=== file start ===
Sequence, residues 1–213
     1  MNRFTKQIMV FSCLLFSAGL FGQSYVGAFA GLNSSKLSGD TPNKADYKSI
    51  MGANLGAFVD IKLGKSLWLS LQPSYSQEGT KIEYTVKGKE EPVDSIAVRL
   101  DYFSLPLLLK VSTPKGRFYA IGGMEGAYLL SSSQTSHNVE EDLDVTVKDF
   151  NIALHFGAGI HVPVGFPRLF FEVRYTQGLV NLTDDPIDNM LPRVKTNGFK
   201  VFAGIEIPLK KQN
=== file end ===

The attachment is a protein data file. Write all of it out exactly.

Sequence, residues 1–213
     1  MNRFTKQIMV FSCLLFSAGL FGQSYVGAFA GLNSSKLSGD TPNKADYKSI
    51  MGANLGAFVD IKLGKSLWLS LQPSYSQEGT KIEYTVKGKE EPVDSIAVRL
   101  DYFSLPLLLK VSTPKGRFYA IGGMEGAYLL SSSQTSHNVE EDLDVTVKDF
   151  NIALHFGAGI HVPVGFPRLF FEVRYTQGLV NLTDDPIDNM LPRVKTNGFK
   201  VFAGIEIPLK KQN